This series (see Part 1) takes the reader on a journey, taking a peek inside a Red Hat Open Innovation Labs Residency. A top tier experience for any customer*, a residency exposes them to open collaboration, open technologies, and fast agile application delivery methods.
This experience often escapes organizations attempting digital transformation. Through submersion in an Open Innovation Labs residency, Red Hat shares its experience in managing, developing, and delivering solutions. This is about successfully achieving organizational goals using open communities, open technologies, and open collaboration.
Join me as I share experiences from inside a real life residency. Watch how Red Hat engages intimately with a customer by exposing them to new ways of working. It is demonstrated by leveraging open technologies using fast and agile application delivery methods with open collaboration.
In Part 1, I shared what’s in a Red Hat Open Innovation Labs Residency. For part two, let’s look at what I encountered in my first real life residency.
Open Innovation Labs Residency in a Nutshell
Pop-up-lab is a great residency experience
After obtaining the background found in part one of this series, I was very curious as to what a residency would look like in real life.
I wanted to spend some time on the ground, interacting and observing what this was all about. Luckily, I got the chance to join the end of a residency running in London, which was a four-week residency.
This meant I got to drop in on the end, get a tour and enjoy the best part of any residency, the delivery of the final product.
Arriving on the scene, I was met with something much different than the video tour shown in part one (scroll down on this page) of this series where we saw the Open Innovations Labs office in London. This residency was a pop-up-lab, a residency experience chosen to take place at a location near the customer.
A whole section of a floor was transformed in just hours in to a dynamic, energetic and mesmerizing place filled with agile task boards, projections of product builds on the walls, and all kinds of colored sticky notes literally everywhere.
Crazy sounds everywhere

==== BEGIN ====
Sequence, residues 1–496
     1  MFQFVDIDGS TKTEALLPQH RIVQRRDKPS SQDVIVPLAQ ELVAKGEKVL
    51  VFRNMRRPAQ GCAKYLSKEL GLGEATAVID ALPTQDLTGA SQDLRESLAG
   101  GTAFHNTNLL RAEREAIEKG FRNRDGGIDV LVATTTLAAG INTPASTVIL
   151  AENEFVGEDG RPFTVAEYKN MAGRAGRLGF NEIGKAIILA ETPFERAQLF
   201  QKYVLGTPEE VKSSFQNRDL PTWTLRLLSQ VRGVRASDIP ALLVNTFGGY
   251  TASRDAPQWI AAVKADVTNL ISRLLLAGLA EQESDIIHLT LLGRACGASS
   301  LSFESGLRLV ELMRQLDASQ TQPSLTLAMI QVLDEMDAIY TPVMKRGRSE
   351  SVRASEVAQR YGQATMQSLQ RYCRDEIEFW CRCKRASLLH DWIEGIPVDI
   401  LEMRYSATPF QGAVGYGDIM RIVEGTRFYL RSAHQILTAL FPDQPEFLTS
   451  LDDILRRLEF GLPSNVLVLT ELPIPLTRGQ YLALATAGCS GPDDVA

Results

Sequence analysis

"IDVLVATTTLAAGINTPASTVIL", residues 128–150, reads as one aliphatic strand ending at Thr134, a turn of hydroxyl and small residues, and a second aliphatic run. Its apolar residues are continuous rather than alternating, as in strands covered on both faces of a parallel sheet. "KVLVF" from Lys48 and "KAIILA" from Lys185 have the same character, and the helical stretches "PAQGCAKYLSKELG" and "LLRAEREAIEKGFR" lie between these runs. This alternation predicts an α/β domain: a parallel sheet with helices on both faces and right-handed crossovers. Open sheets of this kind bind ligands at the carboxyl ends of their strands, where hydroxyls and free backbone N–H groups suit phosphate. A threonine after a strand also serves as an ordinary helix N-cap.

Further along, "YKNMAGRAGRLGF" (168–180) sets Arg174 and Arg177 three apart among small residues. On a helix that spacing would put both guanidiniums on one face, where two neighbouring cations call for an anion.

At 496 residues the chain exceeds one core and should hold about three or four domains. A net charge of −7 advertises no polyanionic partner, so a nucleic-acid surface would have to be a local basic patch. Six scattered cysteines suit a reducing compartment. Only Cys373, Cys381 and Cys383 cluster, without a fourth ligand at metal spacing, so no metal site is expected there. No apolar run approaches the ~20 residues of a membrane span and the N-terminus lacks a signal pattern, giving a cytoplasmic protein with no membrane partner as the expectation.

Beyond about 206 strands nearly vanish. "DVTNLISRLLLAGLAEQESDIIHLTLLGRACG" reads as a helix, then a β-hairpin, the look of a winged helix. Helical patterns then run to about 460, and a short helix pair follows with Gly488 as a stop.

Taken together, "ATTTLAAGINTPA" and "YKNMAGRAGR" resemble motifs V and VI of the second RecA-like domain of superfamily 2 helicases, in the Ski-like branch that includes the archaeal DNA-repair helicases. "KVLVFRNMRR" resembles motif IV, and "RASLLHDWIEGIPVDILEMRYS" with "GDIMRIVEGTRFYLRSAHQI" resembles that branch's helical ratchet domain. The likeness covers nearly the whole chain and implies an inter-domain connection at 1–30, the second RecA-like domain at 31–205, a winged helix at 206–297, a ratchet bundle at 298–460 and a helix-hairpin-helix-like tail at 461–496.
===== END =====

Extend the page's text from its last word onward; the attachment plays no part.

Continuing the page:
There were big toy buttons lying all over the place that make cool sounds when pushed. Imagine “BULLS*#T” or “THAT WAS EASY” ringing out in a booming voice to mark milestones for a sprint.
Another enthusiastic effect, high-fives expressing tasks completed by a development team.
The activities in the residency drew not only my attention as an observer; it induced a constant flow of curious employees from all over the campus to witness these activities.
They would ask questions, browse the posters, sticky notes, and sprint cards. Many showed signs of regret of not being able to participate in the energy and fun development that was taking place right under their noses.
A four-week long residency started with an overview of the problem, focusing the team together with the business of defining what needs to be done. The first week encompassed defining outcomes of the residency and how to work toward those goals.
Sprint cards on the walls and visible for all
After deciding the items to be completed, fitting them in to task lists for the coming three sprints over three weeks was next. These sprints were represented by large cards on the wall with the task to be done; and then were moved from one column to another to signify completion.
Many high fives and buttons are pushed along the way!
Developers focus on working with the product code base in pairs. Deviations occur when new areas of technology are encountered. Developers react swiftly by switching from pairs to many-to-many programming teams. Everyone is working on the new technology skills, sharing knowledge across all of the development team. Once mastered, everyone takes the new skills back to their paired programming teams.
Each sprint week ends with a showcase of the progress in a mini-demo day. Business owners are part of the residency and gather to see the functionality working and to verify progress of the development teams.
A sprint is a promise, and that promise is validated in short iterations.
Closing out the final week, it’s a sprint to the finish line. This culminates in special events known as Demo Days, where different stakeholders present team results in the form of live demonstrations.
The final article in this series will cover these demo days.
Columns used for sprints too
* Note that when referring to a customer, I am also referring to our partners and the various opportunities that might be looking to become a customer.Last updated: February 6, 2024